Move for health

Posted on 11 May 2016

The most important exercise move you can do is to get off the couch. But once you’re up, what’s the best way to get moving? We asked a Mediclinic sports doctor for some basic exercises designed for people who’ve never set foot in a gym before.

If you’ve been sedentary (that’s another word for ‘inactive’, and a nicer word than ‘lazy’) for a long time, exercise can be quite an intimidating prospect. What exercises should you be doing? How much weight should you be lifting? And how should you even start?

The answers to those questions are ‘bodyweight’, ‘none (for now)’ and ‘slowly’, says Dr Herman Kotzé, a sports physician at Mediclinic Stellenbosch and the Stellenbosch Academy of Sport.

Dr Kotzé usually works with fit, active athletes, but he knows what it takes to start from scratch. If you’re entering a gym for the first time, don’t be put off by all the machines and heavy weights.

‘Start slowly, by doing normal bodyweight exercises,’ says Dr Kotzé. ‘By that I mean basic moves such as push-ups, pull-ups, dips, lunges and squats. Do them without any extra weights. Then supplement that with exercises to get your cardiovascular rate going. Rowing machine exercises are simple to do and get your heart rate up.’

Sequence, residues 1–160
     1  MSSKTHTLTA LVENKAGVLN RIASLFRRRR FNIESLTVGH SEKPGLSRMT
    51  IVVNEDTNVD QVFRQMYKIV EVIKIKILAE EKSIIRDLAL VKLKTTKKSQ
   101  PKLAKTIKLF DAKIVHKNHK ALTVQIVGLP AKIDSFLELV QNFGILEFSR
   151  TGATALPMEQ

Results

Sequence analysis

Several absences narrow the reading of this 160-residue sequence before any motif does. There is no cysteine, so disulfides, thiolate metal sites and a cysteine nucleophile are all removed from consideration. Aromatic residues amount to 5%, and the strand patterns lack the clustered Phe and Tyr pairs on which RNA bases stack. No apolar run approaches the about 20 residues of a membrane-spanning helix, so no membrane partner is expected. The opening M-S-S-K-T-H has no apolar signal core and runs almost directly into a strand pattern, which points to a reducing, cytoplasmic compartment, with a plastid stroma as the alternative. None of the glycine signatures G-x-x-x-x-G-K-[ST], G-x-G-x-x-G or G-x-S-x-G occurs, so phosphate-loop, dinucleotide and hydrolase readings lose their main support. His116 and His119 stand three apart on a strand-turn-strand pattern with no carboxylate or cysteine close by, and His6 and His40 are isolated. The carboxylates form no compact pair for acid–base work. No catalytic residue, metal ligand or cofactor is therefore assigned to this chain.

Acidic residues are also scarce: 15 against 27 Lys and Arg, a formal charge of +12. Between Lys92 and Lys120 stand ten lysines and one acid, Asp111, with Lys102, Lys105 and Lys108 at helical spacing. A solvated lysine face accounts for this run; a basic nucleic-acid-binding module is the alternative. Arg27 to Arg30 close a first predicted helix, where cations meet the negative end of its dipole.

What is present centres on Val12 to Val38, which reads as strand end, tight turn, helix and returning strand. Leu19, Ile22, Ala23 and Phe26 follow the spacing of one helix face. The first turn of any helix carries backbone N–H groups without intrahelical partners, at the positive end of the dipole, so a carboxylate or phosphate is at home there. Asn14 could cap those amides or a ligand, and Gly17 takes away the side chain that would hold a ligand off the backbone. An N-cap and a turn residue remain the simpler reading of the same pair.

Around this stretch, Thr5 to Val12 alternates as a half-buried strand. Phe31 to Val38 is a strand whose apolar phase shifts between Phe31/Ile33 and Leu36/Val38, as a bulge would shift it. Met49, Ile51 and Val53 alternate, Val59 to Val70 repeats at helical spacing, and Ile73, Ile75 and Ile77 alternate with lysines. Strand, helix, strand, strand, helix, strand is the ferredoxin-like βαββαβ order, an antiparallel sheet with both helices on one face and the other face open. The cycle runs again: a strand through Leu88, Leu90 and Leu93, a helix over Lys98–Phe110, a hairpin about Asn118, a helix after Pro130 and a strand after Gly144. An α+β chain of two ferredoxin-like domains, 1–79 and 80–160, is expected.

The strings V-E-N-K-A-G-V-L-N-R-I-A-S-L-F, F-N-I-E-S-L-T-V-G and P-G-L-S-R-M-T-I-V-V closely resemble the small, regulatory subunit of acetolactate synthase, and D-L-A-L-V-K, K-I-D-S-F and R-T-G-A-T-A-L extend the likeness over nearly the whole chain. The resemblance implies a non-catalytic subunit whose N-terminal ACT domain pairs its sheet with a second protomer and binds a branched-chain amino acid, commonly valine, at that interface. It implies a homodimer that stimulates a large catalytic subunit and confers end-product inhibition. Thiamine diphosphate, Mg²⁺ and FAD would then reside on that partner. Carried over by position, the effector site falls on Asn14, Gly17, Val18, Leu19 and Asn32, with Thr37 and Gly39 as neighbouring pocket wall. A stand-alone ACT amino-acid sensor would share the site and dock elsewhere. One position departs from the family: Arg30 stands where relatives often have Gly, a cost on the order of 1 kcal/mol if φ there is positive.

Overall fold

That’s it for your first month and a half. Once your body has strengthened, you’re ready for the next step. ‘After about six weeks, when your body is used to doing bodyweight exercises, you can gradually start adding a bit of weight – but very, very slowly,’ says Dr Kotzé.

If you find yourself looking longingly towards the weights room, park that idea for now. ‘Stay away from the weights at first.’ says Dr Kotzé, ‘Just focus on your own bodyweight and on doing cardio work, until your body gets used to that. The strongest athletes in the world are gymnasts, and they don’t train with any weights. So get going with your own bodyweight first, then slowly start adding weights to your routine.’

When you feel ready, first speak to one of your gym’s on-site trainers before you start with weights. Lifting too much too soon, or using the incorrect body position, can cause injury. And if you’re injured and out of action, you’ll be right back where you started – stuck on the couch.

Published in Exercise

In the interest of our patients, in accordance with SA law and our commitment to expertise, Mediclinic cannot subscribe to the practice of online diagnosis. Please consult a medical professional for specific medical advice. If you have any major concerns, please see your doctor for an assessment. If you have any cause for concern, your GP will be able to direct you to the appropriate specialists.

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